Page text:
Football fuels dream of Korean unity - Sports News - Fanatics - the world's biggest events

Football fuels dream of Korean unity

16/06/2010 04:22:51 PM Comments (0)

North Korea's first World Cup goal for 44 years brought delight to the isolated communist nation's fans and stoked dreams of football reunification with South Korea.

While their tireless team eventually went down 2-1 to Brazil, supporters based in both Japan and South Korea saw great credit in the performance as North Korea returned to the finals for the first time since blazing a trail in 1966.

Not long after the game ended in a chilly Johannesburg, Pyongyang's official news agency praised its team for a "fierce" fight as fans singled out star striker Jong Tae-Se - nicknamed Asia's Wayne Rooney - for praise.

"Even though our compatriots lost the game, the team scored a goal. I'm proud of them as a blood brother," said a 34-year-old man who works for an organisation for ethnic Koreans in Japan.

"I hope some day, the two Koreas will be united and we'll be able to play in one team together," said the man, who only wanted to be identified as Jon.

Japan, which occupied the Korean peninsula until the end of World War II, is home to almost one million ethnic Koreans, many of them children of former forced labourers. Up to 100,000 of them are believed to be loyal to Pyongyang.

One group gathered at a bar in the outskirts of Tokyo to watch the game, which kicked off just before dawn in Japan.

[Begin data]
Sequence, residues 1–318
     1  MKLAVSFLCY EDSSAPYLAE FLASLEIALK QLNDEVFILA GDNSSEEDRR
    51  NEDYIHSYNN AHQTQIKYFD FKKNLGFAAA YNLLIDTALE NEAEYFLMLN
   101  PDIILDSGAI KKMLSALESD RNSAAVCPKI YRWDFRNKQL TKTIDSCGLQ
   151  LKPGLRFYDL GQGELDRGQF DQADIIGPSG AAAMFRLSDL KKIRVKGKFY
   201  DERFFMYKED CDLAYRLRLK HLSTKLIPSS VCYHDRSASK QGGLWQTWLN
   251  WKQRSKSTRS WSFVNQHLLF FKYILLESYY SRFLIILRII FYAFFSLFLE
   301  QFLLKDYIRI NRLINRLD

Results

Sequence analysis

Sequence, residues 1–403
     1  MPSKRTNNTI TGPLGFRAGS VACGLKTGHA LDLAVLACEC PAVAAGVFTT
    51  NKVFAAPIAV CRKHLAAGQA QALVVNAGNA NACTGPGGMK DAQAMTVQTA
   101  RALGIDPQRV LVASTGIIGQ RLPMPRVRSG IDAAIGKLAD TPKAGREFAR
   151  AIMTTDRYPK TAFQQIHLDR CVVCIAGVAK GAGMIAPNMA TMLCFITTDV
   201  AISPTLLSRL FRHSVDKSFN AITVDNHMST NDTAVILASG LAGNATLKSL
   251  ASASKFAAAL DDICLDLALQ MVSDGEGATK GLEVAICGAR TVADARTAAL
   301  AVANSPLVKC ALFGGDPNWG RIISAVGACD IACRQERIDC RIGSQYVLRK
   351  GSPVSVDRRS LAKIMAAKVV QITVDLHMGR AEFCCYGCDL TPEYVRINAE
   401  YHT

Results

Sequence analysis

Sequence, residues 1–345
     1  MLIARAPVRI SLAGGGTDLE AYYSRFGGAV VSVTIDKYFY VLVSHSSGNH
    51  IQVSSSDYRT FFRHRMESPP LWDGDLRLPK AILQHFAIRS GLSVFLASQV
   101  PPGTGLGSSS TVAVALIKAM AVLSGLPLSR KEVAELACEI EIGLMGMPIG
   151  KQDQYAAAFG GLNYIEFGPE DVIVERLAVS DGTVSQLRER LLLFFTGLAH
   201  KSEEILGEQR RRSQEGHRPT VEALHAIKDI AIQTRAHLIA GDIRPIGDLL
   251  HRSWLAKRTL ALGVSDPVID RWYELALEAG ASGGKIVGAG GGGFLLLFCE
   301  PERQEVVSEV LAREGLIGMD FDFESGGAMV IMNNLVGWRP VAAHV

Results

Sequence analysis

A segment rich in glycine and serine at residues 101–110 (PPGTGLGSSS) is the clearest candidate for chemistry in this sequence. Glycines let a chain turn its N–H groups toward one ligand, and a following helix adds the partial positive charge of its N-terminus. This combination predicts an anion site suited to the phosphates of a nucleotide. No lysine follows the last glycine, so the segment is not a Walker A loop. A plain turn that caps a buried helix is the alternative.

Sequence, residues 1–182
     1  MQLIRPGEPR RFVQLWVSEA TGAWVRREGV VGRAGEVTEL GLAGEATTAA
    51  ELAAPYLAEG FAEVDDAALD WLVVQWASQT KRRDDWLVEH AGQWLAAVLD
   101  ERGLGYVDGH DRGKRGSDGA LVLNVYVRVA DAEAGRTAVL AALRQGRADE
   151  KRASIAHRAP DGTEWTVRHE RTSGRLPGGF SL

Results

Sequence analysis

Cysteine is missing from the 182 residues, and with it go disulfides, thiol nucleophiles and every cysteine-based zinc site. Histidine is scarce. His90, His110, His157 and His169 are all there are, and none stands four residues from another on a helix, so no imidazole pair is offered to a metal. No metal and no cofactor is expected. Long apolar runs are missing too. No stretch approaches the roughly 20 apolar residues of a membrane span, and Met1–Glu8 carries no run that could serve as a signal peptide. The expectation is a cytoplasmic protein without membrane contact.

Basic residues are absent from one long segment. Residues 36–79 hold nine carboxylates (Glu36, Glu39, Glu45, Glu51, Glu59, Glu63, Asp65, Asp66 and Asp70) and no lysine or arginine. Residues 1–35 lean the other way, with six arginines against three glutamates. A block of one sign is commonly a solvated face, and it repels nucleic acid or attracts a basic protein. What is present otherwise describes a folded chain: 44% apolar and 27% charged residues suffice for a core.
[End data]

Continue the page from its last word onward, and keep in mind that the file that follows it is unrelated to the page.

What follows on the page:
"We were so excited because two of the players are based here," said Paku Sun-Fui, 23, who works for an organisation for young Koreans in Japan.

Jong, who broke down in tears during his side's national anthem, and midfielder An Yong-Hak play in the J-League.

Jong holds South Korean nationality like his parents, who are descendants of immigrants from colonial Korea, but managed to obtain a North Korean passport after attending patriotic pro-Pyongyang schools in Japan.

"When Jong Tae-Se got involved in the goal, we screamed," said Paku. "Although the team lost the game to Brazil, we beat them in our strong will."

The impoverished communist state received the toughest draw in this year's tournament, landing in Group G with Brazil, Ivory Coast and Portugal.

Undeterred, the North has been swept by World Cup fever, a pro-Pyongyang newspaper reported this week, with people glued to television sets despite a squabble over rights with a South Korean broadcaster.

For Koreans, the backdrop to the tournament has been coloured by accusations that North Korea sank a South Korean warship in March with the loss of 46 lives.

But political divisions were put aside as South Korean fans, whose own team got off to a flying start with a 2-0 victory over Greece, heaped praise on their ethnic kin in Internet postings.

"I'm shedding tears now. You fought so well," one wrote on the Yahoo Korea website.

"I am so proud of you. We are all Koreans," another post read.

A third commentator suggested that a unified Korean team could easily advance to the quarter-finals and might even win the cup.

"Jong Tae-Se was so impressive today. He understands football," the posting read.

North Korea's next game is against Portugal on Monday.

Brought to you by AAP AAP © 2024 AAP

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